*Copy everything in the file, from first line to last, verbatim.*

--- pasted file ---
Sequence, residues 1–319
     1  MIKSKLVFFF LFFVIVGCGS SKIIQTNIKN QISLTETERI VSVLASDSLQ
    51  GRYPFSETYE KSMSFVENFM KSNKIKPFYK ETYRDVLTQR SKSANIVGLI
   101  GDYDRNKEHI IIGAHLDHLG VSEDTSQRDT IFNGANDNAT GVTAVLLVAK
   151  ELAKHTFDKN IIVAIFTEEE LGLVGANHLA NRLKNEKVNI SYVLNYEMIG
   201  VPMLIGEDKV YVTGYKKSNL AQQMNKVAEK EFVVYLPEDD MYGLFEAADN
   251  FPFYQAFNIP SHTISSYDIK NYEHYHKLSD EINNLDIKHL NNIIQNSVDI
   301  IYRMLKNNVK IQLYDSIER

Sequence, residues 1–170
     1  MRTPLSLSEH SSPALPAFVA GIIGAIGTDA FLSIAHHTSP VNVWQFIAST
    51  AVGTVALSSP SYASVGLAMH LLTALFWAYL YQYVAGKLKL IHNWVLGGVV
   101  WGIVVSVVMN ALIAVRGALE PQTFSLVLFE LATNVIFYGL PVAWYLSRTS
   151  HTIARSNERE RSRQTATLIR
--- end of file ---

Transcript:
Sequence, residues 1–319
     1  MIKSKLVFFF LFFVIVGCGS SKIIQTNIKN QISLTETERI VSVLASDSLQ
    51  GRYPFSETYE KSMSFVENFM KSNKIKPFYK ETYRDVLTQR SKSANIVGLI
   101  GDYDRNKEHI IIGAHLDHLG VSEDTSQRDT IFNGANDNAT GVTAVLLVAK
   151  ELAKHTFDKN IIVAIFTEEE LGLVGANHLA NRLKNEKVNI SYVLNYEMIG
   201  VPMLIGEDKV YVTGYKKSNL AQQMNKVAEK EFVVYLPEDD MYGLFEAADN
   251  FPFYQAFNIP SHTISSYDIK NYEHYHKLSD EINNLDIKHL NNIIQNSVDI
   301  IYRMLKNNVK IQLYDSIER

Sequence, residues 1–170
     1  MRTPLSLSEH SSPALPAFVA GIIGAIGTDA FLSIAHHTSP VNVWQFIAST
    51  AVGTVALSSP SYASVGLAMH LLTALFWAYL YQYVAGKLKL IHNWVLGGVV
   101  WGIVVSVVMN ALIAVRGALE PQTFSLVLFE LATNVIFYGL PVAWYLSRTS
   151  HTIARSNERE RSRQTATLIR